HAMSR observations at a frequency of 54.94 GHz illustrating the warm-core structure of Hermine just prior to its classification as a hurricane. The colors indicate the brightness temperature (K) and are representative of the atmospheric temperature at about 250 hPa. The observations were collected on 1 Sep 2016 (concluding around 1700 UTC) during the second GH mission studying Hermine. Graphic generated within the NASA Mission Tools Suite and provided by Shannon Brown from NASA JPL.

Fig. 3.

HAMSR observations at a frequency of 54.94 GHz illustrating the warm-core structure of Hermine just prior to its classification as a hurricane. The colors indicate the brightness temperature (K) and are representative of the atmospheric temperature at about 250 hPa. The observations were collected on 1 Sep 2016 (concluding around 1700 UTC) during the second GH mission studying Hermine. Graphic generated within the NASA Mission Tools Suite and provided by Shannon Brown from NASA JPL.

Targeted observations in SHOUT

The SHOUT GH missions were designed with the goal of collecting data that could be used to improve forecasts and reduce forecast uncertainty. To accomplish this, targeting strategies were employed during each campaign and the guidance subjectively incorporated in the flight plan design. The methods focused on identifying the regions of greatest forecast sensitivity—that is, where the forecast outcome (typically TC position and intensity) is most sensitive to environmental conditions and, thus, where it might be advantageous to deploy additional observations.

For the TC missions, a real-time technique for targeting GH dropsonde observations in the TC environment was developed at the University at Albany, State University of New York. This TC targeting algorithm, employing an ensemble-based sensitivity algorithm, identifies regions where high model forecast uncertainty (e.g., track or intensity) and a high sensitivity to assimilating additional observations (e.g., dropsonde data) exists (Torn 2014). Model input includes 80-member HWRF ensemble forecasts made available through NOAA EMC and in 2016, the calculations were repeated with the ECMWF ensemble. Once the forecasts were completed, sensitivity and target location calculations were carried out to identify locations where assimilating GPS dropsonde data at a specific time might decrease the ensemble variance in forecasted TC track and/or intensity at a specified time in the future. The targeted lead time for achieving forecast improvements was in the 2–3-day range, depending on specifics of the storm and operational GH constraints.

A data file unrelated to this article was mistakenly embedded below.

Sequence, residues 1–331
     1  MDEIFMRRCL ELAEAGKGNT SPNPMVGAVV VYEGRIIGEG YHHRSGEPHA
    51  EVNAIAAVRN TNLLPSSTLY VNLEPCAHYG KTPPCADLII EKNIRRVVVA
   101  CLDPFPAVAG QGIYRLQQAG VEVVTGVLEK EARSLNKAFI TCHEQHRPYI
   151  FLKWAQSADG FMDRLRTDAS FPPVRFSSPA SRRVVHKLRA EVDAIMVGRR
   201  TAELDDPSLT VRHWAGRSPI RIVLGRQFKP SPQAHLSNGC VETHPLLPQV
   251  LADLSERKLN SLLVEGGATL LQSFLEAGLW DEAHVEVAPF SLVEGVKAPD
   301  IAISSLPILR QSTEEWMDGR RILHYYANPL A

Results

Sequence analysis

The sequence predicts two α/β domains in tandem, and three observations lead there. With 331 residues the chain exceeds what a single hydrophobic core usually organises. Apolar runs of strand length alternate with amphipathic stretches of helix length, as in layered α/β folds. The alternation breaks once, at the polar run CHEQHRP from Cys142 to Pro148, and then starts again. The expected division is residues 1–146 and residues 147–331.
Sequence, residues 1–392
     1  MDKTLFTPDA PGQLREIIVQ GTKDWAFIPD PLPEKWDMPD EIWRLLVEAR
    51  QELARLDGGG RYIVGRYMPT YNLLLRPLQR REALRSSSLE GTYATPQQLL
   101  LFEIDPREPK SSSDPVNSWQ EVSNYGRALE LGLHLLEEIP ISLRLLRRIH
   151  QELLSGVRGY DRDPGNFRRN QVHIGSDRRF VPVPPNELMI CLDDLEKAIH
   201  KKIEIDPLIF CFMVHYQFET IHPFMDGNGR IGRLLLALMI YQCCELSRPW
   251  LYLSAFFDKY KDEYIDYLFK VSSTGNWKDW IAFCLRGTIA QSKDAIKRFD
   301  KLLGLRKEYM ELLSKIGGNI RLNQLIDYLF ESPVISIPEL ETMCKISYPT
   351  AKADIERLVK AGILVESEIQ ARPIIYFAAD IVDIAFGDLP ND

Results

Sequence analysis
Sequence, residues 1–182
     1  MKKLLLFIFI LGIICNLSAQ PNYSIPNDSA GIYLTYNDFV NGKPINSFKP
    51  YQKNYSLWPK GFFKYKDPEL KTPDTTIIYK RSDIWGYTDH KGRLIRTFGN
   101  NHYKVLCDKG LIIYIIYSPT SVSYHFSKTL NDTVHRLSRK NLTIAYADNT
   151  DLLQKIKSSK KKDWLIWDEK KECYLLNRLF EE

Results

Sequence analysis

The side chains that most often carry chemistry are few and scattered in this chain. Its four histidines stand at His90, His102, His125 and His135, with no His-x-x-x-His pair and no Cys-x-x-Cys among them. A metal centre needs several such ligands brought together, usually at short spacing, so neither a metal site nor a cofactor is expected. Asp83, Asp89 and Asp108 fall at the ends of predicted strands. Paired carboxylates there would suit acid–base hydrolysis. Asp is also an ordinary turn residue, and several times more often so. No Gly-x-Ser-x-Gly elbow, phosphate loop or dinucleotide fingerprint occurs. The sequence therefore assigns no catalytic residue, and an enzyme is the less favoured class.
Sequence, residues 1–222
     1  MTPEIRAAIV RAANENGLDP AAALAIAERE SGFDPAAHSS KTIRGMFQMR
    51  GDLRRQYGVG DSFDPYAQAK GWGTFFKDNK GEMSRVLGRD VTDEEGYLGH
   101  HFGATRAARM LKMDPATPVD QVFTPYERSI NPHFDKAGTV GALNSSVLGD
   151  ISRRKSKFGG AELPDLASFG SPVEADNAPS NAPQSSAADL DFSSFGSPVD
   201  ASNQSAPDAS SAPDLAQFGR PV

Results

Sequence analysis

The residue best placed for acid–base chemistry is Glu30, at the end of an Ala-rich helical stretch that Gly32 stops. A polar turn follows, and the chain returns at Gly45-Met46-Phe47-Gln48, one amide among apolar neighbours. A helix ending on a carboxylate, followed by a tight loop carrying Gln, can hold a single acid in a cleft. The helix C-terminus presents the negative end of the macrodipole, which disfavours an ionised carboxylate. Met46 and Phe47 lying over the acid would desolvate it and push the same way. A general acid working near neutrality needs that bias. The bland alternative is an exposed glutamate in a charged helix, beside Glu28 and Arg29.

Examples of the computed sensitivity maps used in planning a flight into Tropical Storm Erika in 2015 are shown in Fig. SB1. In the graphics, warm colors indicate locations where the dropsonde observations are expected to have the largest reduction in the forecast variability. While impact on the intensity forecasts was generally greatest near the TC center, guidance on track forecast impact was often associated with larger-scale circulation patterns. During Tropical Storm Erika, the targeting guidance highlighted the importance of having an accurate estimate of a subtropical ridge to the north of the storm early in its life cycle and a trough over the Gulf of Mexico during its dissipation stage.

For the winter storm missions, an Ensemble Transform Sensitivity (ETS) methodology (Zhang et al. 2016; Wang et al. 2018) was used to identify prioritized regions for sampling. In the ETS method, the gradient of the forecast error variance to analysis error variance is calculated for each predefined verification region. The ETS technique used an ensemble of 80 forecasts from the NOAA operational Global Ensemble Forecast System. The sensitivity metric was based on a dry total energy norm using temperature and zonal and meridional winds at pressure levels of 200, 500, and 700 hPa. The ETS methodology was similar in approach to that employed in the former operational Winter Storm Reconnaissance program, but used the current operational forecast system.

Fig. SB1.

Example HWRF targeting guidance showing computed sensitivity for Tropical Storm Erika’s (left) position and (right) intensity. Numerical values represent the percentage reduction in forecast variance resulting from assimilation of a hypothetical GPS dropsonde observation on the 72-h forecast valid at 0000 UTC 30 Aug 2015. Range rings reflect the distance from the TC center at the presented time of impact.